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Fall is in the air and football is in full force.  For some of us our favorite college team brings nothing but frustration and for others of us it’s a time of great joy.  The beauty of Saturday competition on the football field as young men leave it all on the field to bring the team and fan base the win is incredible.  For those of you that are avid football fans, games can keep you on the edge of your seat…..or out of your seat.   You’ll find yourself yelling, tweeting, and almost experiencing a heart attack.  That’s just the emotions of those of us that are cheering for the winning team. 

As a huge University of Kentucky fan, I love that Kentucky finally has a decent football team….although if I’m honest, they made Mizzou’s terrible team look like a pro team this past Saturday.  One of the things that frustrates me the most about this team is their “play not to lose” attitude.   If you’re not familiar with this strategy, it sounds like a good idea.  Nobody wants to lose, so why wouldn’t you “play not to lose”?  Here’s where you misunderstand the frustrating nature of this strategy and also where I want to connect it to how we live the Christian life.

In football, the “play not to lose” strategy looks like this…..we’ll get the lead in the first half of the game, then we’ll get conservative, run the ball, avoid turnovers and costly mistakes, and let our defense keep us ahead.  While I can appreciate confidence in a defense, the game goes 2 halves and the other team won’t stop trying to score just because you’re ahead.  For me personally this has resulted in 3 weekends in a row where Kentucky got an early lead and then I watched a second half that could nearly kill me as they “played not to lose”.  3 out of 3 of those games came down to a last second play that could have cost them the game.

So what does the “play not to lose” mentality have to do with our Christian life?  We have the early lead.  If we want to get technical, Jesus actually already won the game through His death, burial and resurrection.  Back to the game.  We have Christ in our lives, we’re attending worship, reading our Bible, we’re in a Sunday School group etc.  We’re running the plays in the game of life.  Some of them are even really good plays.  It’s the second half now, we just have to maintain the lead.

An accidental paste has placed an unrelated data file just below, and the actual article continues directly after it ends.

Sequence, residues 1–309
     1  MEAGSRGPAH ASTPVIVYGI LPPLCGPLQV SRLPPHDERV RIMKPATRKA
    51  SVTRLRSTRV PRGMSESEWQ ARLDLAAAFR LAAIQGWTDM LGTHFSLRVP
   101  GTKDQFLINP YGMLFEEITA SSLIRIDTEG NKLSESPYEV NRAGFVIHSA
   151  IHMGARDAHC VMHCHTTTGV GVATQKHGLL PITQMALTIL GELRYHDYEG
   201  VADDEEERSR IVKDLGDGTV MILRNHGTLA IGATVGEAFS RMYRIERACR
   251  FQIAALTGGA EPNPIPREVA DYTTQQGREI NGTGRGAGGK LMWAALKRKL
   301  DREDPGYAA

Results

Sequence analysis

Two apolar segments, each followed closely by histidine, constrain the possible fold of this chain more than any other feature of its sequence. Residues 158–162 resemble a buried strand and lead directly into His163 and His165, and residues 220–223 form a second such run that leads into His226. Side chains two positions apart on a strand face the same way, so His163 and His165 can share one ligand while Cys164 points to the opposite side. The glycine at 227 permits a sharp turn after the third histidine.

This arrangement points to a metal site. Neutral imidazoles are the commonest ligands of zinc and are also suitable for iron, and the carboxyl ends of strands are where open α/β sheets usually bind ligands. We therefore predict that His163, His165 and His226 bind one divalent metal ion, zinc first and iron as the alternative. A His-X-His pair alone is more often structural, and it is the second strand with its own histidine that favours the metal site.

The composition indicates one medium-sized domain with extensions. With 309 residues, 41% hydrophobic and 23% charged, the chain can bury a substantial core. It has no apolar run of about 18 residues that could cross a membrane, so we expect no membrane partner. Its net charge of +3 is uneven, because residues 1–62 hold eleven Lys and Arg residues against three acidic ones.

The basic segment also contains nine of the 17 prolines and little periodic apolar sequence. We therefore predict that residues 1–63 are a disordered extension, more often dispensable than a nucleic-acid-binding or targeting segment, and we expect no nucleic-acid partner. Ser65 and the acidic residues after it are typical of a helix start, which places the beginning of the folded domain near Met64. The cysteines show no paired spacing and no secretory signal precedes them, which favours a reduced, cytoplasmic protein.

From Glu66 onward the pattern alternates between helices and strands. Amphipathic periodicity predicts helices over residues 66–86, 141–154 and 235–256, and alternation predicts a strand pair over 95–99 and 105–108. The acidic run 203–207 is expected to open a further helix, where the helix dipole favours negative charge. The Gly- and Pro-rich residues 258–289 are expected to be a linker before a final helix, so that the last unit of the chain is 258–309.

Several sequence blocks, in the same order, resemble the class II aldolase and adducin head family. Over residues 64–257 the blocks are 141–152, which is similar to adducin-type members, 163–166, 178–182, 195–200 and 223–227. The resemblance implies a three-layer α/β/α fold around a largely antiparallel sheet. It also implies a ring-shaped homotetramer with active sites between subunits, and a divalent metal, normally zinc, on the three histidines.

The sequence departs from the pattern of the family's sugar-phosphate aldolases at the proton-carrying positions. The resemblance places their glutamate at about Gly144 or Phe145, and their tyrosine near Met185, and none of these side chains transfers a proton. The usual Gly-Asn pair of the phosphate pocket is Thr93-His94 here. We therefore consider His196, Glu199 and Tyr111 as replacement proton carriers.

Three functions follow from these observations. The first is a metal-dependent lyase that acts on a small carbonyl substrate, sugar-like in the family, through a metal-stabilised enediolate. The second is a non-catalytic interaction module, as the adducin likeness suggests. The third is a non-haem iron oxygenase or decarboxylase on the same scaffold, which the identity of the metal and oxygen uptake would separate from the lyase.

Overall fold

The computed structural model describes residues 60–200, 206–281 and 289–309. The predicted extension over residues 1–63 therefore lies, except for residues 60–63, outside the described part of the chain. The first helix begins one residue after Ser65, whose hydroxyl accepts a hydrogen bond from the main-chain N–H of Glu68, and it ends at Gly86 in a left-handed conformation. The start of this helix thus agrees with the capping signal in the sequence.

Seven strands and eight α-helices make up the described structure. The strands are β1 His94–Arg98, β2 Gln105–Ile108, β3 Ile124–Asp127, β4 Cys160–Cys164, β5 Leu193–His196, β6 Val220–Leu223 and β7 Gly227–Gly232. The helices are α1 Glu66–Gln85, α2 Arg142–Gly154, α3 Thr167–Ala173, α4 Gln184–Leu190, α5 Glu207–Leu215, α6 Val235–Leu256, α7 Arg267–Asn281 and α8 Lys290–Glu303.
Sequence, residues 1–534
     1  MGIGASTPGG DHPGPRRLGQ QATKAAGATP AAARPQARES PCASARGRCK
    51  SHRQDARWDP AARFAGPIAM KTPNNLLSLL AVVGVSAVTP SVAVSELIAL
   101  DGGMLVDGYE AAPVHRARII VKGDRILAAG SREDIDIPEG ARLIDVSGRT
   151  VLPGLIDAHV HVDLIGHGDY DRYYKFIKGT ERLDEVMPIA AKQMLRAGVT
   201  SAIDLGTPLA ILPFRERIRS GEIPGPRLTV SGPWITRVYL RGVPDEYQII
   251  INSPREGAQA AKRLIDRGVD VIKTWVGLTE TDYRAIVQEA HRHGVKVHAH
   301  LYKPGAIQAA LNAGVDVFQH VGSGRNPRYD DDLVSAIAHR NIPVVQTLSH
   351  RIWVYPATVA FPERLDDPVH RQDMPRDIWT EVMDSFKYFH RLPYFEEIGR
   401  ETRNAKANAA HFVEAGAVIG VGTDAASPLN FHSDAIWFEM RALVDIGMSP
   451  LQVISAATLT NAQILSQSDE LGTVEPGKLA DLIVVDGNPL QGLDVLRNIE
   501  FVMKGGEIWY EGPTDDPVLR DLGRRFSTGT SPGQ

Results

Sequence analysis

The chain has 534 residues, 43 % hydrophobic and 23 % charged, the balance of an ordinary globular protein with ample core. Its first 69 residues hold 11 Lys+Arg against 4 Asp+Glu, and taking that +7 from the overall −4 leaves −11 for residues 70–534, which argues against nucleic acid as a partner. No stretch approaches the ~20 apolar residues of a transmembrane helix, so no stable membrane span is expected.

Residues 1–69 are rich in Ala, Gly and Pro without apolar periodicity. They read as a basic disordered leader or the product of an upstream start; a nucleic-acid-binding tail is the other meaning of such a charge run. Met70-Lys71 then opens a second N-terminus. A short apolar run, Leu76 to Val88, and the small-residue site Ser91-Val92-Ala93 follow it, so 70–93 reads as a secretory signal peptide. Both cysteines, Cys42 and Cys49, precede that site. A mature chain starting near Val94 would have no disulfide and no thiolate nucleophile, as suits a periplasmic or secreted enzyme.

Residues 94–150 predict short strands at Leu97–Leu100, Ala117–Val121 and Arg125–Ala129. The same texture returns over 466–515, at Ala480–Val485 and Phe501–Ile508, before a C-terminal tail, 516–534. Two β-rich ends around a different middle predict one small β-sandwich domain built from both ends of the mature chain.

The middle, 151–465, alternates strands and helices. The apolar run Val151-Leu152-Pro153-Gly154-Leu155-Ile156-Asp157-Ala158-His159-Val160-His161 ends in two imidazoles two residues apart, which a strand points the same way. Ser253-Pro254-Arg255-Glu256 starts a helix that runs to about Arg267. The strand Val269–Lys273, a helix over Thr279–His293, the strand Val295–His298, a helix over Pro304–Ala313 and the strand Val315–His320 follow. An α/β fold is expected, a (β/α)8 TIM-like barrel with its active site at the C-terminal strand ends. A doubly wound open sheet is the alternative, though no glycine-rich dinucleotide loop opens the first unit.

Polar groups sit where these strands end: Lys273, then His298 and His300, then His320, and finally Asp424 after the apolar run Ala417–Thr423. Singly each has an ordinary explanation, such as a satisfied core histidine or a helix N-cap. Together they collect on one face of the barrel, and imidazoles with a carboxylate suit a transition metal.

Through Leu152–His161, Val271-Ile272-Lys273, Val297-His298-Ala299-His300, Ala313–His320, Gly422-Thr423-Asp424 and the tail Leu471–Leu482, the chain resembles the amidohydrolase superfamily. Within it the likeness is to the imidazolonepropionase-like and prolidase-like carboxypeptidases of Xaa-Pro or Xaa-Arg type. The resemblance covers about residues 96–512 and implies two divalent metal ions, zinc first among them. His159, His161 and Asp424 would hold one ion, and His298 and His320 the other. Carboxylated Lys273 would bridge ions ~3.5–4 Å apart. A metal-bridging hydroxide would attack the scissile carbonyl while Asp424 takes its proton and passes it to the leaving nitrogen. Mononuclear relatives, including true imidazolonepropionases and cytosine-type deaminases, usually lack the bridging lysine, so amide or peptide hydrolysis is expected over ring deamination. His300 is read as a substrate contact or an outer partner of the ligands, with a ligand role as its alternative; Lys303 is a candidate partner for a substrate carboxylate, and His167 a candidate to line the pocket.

What’s the point of the game of football?  They’re trying to score more points than the opposing team.  The offense is trying to put points on the board and the defense is trying to keep points off the board.  So in our Christian life, since we already have the lead….we start playing defense.  We don’t need to score points because Jesus has scored enough.  We stop working heard on offense to score points.  We’re just maintaining, taking up time, keeping the ball out of the other teams hands.  What’s that look like in the Christian’s life?  We stop focusing on the mission God has given us….to reach people for Christ and make disciples, who will make disciples.  We fall back on defense, we get comfortable with our church, our Sunday School group, our personal walk with Christ.  We keep running plays, we keep engaging in ministry, maybe we even lead a ministry, but it’s not wholly focused on scoring points; reaching people for Christ. 

As the game progresses, we fall in love with our lead…..I mean our church and our small group…. and we can get so comfortable with the lead that we have that we stop scoring points all together.  We stop sharing our faith, we stop praying for lost people, we stop challenging others to do those things.  Why?  Because we’re “playing not to lose”.  We got the lead, it feels good, let’s protect what we got and get to the end of the game.  It’s a scary thing to think our church or other churches could grow to the point where we felt comfortable enough to employ the strategy of “playing not to lose”.

As I’ve watched Kentucky in its last few games, I’ve experienced all of the stress and emotion that comes with watching a team “play not to lose”.  They ran plays on offense, but just running the ball over and over, not scoring points…creating a very frustrating experience for me.  I can’t help but wonder if God looks at us as individuals…as groups….as churches and experiences some of the same frustration watching us “play not to lose”?

God wants us to put points on the board; there is never a point where he wants us to start coasting.  We have more lost people around us young and old than ever here in America.  Let’s get out there and score some points.  Plot and Plan…..Pray…..with your family and with your Sunday School groups.  Then go out and score points.  Let’s play to win, every play…..every day, every conversation, every opportunity God gives us.